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Saverio Mercadante
Critical edition by Francesco Bissoli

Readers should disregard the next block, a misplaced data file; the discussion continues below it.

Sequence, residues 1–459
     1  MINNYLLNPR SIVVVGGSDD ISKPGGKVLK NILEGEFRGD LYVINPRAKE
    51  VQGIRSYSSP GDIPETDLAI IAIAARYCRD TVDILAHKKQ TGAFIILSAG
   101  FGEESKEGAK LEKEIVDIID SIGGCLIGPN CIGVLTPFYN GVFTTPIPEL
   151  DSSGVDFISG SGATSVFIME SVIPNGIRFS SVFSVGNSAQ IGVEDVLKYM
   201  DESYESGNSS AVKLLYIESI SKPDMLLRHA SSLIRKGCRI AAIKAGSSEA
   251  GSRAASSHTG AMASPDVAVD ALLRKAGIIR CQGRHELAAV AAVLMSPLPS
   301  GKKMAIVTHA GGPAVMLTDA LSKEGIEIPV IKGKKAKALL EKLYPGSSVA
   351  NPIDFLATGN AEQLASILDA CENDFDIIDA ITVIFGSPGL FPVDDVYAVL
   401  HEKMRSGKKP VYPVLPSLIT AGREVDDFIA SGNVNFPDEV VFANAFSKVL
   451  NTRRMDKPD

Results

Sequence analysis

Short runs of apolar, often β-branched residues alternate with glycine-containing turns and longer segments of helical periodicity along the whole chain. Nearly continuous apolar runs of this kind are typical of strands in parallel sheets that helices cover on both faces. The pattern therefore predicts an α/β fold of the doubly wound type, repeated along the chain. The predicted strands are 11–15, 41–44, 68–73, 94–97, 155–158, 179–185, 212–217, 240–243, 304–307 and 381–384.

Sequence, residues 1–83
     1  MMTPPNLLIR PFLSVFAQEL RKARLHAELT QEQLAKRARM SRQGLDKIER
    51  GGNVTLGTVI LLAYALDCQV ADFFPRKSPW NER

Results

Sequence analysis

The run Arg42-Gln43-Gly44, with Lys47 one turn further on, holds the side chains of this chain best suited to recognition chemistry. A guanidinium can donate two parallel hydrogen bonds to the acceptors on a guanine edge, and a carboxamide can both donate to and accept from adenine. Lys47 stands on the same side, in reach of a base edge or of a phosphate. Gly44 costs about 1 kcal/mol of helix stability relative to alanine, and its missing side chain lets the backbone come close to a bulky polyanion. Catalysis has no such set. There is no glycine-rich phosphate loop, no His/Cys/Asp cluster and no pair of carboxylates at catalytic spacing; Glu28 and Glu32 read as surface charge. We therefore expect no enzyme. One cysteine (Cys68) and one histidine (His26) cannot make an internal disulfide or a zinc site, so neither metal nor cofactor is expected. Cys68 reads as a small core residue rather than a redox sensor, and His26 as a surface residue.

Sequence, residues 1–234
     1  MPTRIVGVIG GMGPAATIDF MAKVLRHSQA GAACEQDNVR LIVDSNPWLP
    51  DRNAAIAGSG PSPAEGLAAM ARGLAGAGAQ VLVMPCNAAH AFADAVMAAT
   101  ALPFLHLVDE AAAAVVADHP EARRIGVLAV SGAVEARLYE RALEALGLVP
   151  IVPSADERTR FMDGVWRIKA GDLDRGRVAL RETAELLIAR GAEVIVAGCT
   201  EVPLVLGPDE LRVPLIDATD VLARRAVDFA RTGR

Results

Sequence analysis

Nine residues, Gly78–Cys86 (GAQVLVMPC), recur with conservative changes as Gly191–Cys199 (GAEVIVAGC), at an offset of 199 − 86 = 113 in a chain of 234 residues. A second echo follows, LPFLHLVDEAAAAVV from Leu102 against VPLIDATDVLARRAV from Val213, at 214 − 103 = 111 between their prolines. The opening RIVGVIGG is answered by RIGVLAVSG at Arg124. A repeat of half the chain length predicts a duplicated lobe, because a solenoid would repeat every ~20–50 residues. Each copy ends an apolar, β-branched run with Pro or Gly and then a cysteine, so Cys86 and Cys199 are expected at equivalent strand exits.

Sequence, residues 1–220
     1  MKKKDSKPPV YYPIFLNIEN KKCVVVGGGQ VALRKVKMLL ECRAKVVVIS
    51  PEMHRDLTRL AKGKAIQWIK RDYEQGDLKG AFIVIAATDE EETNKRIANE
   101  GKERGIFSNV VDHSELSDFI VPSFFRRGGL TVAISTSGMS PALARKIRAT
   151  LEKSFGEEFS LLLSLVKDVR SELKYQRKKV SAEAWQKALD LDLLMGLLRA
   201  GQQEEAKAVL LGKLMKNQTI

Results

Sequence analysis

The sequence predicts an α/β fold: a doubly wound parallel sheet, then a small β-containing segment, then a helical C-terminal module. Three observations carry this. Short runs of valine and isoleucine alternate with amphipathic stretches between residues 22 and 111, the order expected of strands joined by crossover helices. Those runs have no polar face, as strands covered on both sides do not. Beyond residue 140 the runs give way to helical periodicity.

Within the extensive symphonic output of Saverio Mercadante (1795-1870), a pioneer in promoting the instrumental repertoire in an Italy dominated by opera, there are several works based on familiar Neapolitan traditional melodies. The Prima sinfonia caratteristica napoletana (1844-1845) deserves particular attention on account of the composer’s inventive way of elaborating the themes and his competent handling of the large orchestra, consisting of a piccolo, two flutes, two oboes, two clarinets, four bassoons, four horns, four trumpets, three trombones, ophicleide/serpent, timpani, violins, violas, cellos and double basses. The adjective ‘caratteristico’ underlines the use of extra-musical references, which in this case take the form of the quotation and elaboration of popular themes in each of the four sections that make up the symphony (including the well known Te voglio bene and Canzone di Zeza, È nata ‘na cantina ‘mmiezz o mare and La riccioluta).